Nation Other News 11 Oct 2016 Tirupati laddu histo ...

Tirupati laddu history as sweet as its taste

DECCAN CHRONICLE. | T SUDHAKAR
Published Oct 11, 2016, 7:37 am IST
Updated Oct 11, 2016, 7:39 am IST
TTD has checks in place to ensure quality is constant.
The Tirupati laddu, the GI-tagged highly venerated 'takeaway' from Tirumala for every devotee of Lord Venkateswara, is as iconic and resplendent as many other popular landmarks of the hill shrine.
 The Tirupati laddu, the GI-tagged highly venerated 'takeaway' from Tirumala for every devotee of Lord Venkateswara, is as iconic and resplendent as many other popular landmarks of the hill shrine.

Tirupati: The Tirupati laddu, the GI-tagged highly venerated 'takeaway' from Tirumala for every devotee of Lord Venkateswara, is as iconic and resplendent as many other popular landmarks of the hill shrine. The classical and traditional item on the agenda of every pilgrim to Tirumala, which celebrated its diamond jubilee in 2015, had emerged in its present form of a ball in 1940, though as prasadam in loose form was known to have made its presence in the itinerary of Lord Venkateswara from about 1803.

Inscriptions in Srivari temple indicate the journey of laddu prasadam termed as ‘manoharam’ in 1480. With a view to give long shelf life to Srivari prasadam, the boondi made of besun and dipped in jaggery syrup was conceived. In later days, addition of almonds, cashew and resins was made to give it a special flavour and nutritional richness, unique only to Tirumala. TTD executive officer D. Sambasiva Rao said that to meet the demand for laddus during the Brahmotsavam, TTD had jacked up the production and also kept a buffer stock of seven lakh laddus.
“We want to ensure that no devotee went home without a laddu,” Mr Sambasiva Rao said.

 

The TTD gives free laddus to devotees who walk to the shrine and has also set up laddu counters inside the temple and also in the vaikuntham queue complex. Devotees can now book their laddu tokens online along with Sheegra dharshan and other arjita seva tickets, the EO said. The laddu is prepared manually even today by the Vaikhanasa sect of Brahmins in the potu of Srivari temple magnifying the religious and devotional tint and reverence of the pilgrims to Tirumala.

TTD has deployed an escalator to take the raw material of boondi, which is mass produced in the ultra modern frying bins out the temple to meet the huge demand which has touched the over one lakh mark every day from the 1,000 laddus in 1940. Legend regarding the Tirupati laddu says that for every 51 laddus made in Srivari Potu, 11 was the share of the Archaka mirasi contractors.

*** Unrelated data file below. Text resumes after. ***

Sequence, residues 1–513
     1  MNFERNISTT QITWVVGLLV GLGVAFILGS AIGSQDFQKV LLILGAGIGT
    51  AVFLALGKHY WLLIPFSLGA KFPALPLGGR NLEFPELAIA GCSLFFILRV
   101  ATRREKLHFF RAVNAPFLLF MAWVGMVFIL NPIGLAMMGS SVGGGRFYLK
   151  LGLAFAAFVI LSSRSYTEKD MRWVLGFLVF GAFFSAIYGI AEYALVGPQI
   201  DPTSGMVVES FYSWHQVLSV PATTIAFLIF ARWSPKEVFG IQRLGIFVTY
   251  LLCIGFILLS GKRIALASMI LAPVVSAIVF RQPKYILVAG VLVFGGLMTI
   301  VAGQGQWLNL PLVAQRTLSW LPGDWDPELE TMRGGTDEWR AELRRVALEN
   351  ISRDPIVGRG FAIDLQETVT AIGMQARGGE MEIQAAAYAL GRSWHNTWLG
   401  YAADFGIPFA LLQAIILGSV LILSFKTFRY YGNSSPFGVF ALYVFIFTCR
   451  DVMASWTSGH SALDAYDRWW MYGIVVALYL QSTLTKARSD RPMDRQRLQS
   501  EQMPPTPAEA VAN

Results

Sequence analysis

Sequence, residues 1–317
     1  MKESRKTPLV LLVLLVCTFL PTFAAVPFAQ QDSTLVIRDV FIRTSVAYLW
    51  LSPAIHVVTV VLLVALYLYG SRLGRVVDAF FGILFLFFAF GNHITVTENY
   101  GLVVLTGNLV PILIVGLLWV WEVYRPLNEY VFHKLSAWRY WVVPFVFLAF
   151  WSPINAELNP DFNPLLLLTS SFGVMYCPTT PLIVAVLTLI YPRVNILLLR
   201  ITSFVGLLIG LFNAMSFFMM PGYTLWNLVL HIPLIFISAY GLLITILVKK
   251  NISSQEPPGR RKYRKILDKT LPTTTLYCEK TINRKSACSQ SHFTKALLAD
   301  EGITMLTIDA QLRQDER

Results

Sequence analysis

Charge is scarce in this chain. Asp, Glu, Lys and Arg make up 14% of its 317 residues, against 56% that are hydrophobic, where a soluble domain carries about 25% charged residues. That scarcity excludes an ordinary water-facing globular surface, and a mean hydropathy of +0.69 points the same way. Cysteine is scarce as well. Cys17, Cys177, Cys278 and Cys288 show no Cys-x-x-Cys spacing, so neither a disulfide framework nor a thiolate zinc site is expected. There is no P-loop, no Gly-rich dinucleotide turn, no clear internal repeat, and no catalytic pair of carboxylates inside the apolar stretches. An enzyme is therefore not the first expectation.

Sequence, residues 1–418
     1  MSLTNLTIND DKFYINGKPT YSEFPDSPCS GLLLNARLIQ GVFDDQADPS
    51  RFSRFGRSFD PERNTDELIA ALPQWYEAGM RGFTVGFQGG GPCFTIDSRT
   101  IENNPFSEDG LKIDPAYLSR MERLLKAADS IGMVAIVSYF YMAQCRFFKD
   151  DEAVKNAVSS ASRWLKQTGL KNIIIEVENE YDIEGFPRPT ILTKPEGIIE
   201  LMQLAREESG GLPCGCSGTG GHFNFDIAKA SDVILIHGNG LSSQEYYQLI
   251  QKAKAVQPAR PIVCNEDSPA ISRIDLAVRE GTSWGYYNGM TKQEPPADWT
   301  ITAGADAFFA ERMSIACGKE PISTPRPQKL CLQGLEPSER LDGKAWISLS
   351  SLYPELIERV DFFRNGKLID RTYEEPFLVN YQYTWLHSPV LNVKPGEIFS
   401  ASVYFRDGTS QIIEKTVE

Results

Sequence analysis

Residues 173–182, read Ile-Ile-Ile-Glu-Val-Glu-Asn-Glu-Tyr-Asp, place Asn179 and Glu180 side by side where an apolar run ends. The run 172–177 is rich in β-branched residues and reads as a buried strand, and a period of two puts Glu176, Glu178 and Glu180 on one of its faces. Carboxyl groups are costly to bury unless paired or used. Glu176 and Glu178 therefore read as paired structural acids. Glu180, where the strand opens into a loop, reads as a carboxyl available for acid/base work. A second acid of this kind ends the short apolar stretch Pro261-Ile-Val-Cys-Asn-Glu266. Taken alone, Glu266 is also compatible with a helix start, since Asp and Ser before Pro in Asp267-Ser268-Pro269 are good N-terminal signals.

The office of the Registrar of Patents, Trademarks and Geographical Indications, India, has awarded the status of a Registered Geographical Indication to Tirupati Laddu to safeguard the Intellectual Property pertaining to the laddu to put an end to abuse of its iconic value by unscrupulous traders. TTD had sought the GI tag for the laddu under the Geographical Indications of Goods (Registration and Protection) Act, 1999 in 2009. Till the TTD was formed and took over the reins of the Srivari temple from the hands of Mahants of Hathiram Math, the Archakas enjoyed a share in revenue from sale of laddu prasadam which was abolished in 1987 after the then Chief Minister showcased Tirumala and Srivari Temple as an asset of devotees.

 

But the Dittam for laddu (quality and quantity check list) is in place even today and the TTD has been heavily subsidising the laddu prasadam for the benefit of the devotees. As per the Dittam, each big laddu should weigh 700 gm, should have 23.5 gm cashew, 12.5 gm raisins, 8.2 gm almonds, 6.2 gm sugar candy and moisture content of 12 per cent. “We check the laddu trays at random every day to ensure its moisture content and other contents in the SV Food lab to ensure its quality and long shelf life,” said S. Shermista, the TTD health officer.

 

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